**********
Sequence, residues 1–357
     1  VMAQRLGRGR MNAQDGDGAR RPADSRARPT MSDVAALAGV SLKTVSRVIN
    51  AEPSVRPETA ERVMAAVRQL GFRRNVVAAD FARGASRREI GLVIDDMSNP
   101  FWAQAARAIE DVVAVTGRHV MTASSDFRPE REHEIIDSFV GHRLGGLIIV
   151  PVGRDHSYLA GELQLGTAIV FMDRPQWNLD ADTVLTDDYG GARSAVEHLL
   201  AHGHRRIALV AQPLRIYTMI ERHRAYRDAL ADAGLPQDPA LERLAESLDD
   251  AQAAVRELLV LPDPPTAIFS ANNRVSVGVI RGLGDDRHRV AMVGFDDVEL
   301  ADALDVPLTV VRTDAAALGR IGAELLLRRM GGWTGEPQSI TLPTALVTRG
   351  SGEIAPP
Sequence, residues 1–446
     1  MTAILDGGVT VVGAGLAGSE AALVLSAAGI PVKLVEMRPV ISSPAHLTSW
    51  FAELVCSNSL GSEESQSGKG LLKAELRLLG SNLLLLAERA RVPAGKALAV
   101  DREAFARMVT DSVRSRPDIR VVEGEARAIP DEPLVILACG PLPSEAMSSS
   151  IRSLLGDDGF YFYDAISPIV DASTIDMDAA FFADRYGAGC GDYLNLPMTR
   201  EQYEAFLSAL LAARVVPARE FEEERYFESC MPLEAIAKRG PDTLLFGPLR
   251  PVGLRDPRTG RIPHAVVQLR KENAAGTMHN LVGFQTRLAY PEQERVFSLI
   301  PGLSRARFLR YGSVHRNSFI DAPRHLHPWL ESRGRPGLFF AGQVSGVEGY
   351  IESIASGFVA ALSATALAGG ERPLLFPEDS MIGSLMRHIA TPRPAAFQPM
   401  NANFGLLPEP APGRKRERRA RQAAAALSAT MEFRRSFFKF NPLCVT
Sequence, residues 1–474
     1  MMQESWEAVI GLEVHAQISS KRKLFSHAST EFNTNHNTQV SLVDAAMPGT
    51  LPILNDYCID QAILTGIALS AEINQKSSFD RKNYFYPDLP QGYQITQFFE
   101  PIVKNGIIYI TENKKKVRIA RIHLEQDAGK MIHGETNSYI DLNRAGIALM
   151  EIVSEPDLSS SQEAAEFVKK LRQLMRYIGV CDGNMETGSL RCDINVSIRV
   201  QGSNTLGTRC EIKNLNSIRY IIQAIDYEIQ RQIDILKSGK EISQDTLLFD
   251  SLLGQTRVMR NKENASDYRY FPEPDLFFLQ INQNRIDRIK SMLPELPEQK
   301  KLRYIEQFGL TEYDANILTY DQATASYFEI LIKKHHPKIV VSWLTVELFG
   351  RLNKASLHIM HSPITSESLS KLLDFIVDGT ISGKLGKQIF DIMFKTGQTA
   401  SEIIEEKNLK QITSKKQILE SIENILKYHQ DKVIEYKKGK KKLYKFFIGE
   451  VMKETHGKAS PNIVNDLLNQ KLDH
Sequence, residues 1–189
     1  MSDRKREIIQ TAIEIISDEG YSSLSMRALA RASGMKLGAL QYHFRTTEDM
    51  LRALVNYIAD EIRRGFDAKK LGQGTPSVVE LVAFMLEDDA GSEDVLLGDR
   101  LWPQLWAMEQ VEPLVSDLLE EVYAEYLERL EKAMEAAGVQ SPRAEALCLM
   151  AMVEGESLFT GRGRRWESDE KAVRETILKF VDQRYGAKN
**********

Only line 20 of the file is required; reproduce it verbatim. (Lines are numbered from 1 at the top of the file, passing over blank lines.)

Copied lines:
Sequence, residues 1–474